The Black Death in Hampshire by Tom Beaumont James (Winchester, 1999)

The Black Death did in fact bring many innovations to not only Britain, but to Europe in general.

Essay on Religious Effects From The Black Death | Majortests

As a consequence of the beginning of blurring financial distinctions, social distinctions sharpened. The fashions of the nobility became more extravagant in order to emphasize the social standing of the person wearing the clothing. The peasants became slightly more empowered, and revolted when the aristocracy attempted to resist the changes brought about by the plague. In 1358, the peasantry of northern France rioted, and in 1378 disenfranchised guild members revolted. The social and economic structure of Europe was drastically and irretrievably changed.

"Henry Knighton, The Impact of the Black Death." Henry Knighton, The Impact of the Black Death.

The Black Death: Contemporaries Confront a “Universal” Pestilence

By way of example, Ralph Higden, a contemporary chronicler, argued that 'lords and great men escaped'. By contrast, Geoffrey le Baker, an Oxfordshire man, noted deaths among the nobility. And so there were: one of King Edward III's daughters, archbishops, bishops, abbots, abbesses, nobles and lords of manors died in the first outbreak. In 1361 the Duke of Lancaster, a leading general, was among the victims. Le Baker also noted the immediate effects on the young and strong: 'the weak and elderly it generally spared'. In 1361 we find references to the outbreak being especially fierce among children. Later plagues were especially violent, as noted above, in towns. At Southampton, for example, in the sixteenth century, between 15 and 25% of the population was carried off every twenty years by outbreaks of plague. However, there is no doubt that proportionately the hardest-hit part of society was the most numerous: the peasantry, labourers and artisans.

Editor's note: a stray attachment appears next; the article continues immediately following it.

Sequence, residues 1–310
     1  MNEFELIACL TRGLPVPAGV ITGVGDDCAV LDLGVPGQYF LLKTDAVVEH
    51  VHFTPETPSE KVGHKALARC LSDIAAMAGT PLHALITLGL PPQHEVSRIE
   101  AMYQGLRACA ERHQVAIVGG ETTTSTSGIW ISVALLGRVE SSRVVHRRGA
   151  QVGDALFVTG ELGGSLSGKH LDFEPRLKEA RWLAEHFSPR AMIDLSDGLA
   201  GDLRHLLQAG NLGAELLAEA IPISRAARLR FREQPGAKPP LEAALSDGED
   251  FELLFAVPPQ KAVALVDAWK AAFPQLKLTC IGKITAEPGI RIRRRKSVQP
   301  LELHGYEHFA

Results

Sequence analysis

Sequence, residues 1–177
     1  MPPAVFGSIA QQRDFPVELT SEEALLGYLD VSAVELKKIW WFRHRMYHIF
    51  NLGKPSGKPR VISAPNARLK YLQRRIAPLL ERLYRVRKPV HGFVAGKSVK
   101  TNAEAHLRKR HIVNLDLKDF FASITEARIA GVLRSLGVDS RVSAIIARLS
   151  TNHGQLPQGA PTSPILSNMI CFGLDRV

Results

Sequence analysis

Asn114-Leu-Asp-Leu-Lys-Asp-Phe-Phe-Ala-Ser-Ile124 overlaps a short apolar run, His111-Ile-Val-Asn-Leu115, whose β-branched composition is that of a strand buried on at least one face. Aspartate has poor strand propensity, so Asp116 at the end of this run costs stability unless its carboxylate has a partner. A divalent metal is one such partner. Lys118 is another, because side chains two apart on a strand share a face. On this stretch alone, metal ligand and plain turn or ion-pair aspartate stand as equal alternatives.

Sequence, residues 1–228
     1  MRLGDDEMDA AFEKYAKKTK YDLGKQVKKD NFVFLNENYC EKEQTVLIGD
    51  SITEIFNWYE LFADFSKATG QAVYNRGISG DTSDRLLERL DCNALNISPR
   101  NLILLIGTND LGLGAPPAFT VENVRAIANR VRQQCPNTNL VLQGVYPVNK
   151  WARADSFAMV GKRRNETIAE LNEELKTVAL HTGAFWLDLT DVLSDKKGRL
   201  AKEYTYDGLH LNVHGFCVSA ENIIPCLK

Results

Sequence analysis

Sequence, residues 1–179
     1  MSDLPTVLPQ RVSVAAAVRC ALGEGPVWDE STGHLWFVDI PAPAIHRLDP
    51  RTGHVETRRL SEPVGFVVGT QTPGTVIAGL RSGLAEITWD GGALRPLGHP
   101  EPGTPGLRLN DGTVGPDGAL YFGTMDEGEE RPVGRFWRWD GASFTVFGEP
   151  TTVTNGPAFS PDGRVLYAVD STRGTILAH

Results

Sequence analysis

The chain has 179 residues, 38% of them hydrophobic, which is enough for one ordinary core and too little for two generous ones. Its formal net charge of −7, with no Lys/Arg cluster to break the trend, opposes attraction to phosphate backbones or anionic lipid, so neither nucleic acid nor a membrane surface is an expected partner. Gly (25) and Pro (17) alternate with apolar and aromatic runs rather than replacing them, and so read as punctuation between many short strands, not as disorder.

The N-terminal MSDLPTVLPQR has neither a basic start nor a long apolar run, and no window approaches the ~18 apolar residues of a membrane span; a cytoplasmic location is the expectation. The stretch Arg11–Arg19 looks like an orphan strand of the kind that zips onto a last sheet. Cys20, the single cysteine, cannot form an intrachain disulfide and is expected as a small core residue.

The Black Plague The Deadly Plague History Essay.

If lay society was never the same again after the Black Death, nor was the English Church. Contemporaries were quick to note that the Black Death killed proportionately at least as many clergy as laity. New recruits were noted as being of a lesser quality. Henry Knighton, writing in Leicester, said of these new clerks that many of them were illiterate, no better than laymen - 'for even if they could read, they did not understand'. Worse still, clergy post-plague demanded from twice to ten times more than before for a vicarage or chaplaincy. Some clergy deserted their posts, and left their churches to 'wild beasts'. A fierce argument raged in the first half of the twentieth century between F.A. Gasquet, who became a cardinal in England, and the Cambridge historian G.G. Coulton over the effects of the plague on the medieval church. Gasquet saw the plague as a catastrophe which ruined the church in England through clergy mortality, and was among the seeds of the Reformation on the sixteenth century. Coulton, by contrast, argued that clergy mortality in the Black Death was exaggerated by monkish writers and that the clergy abandoned their posts and fled. There is evidence on both sides and the argument rages!

Black Death Cause and Effect Essay Example for Free


Economic Effects of the Black Death on Europe essay …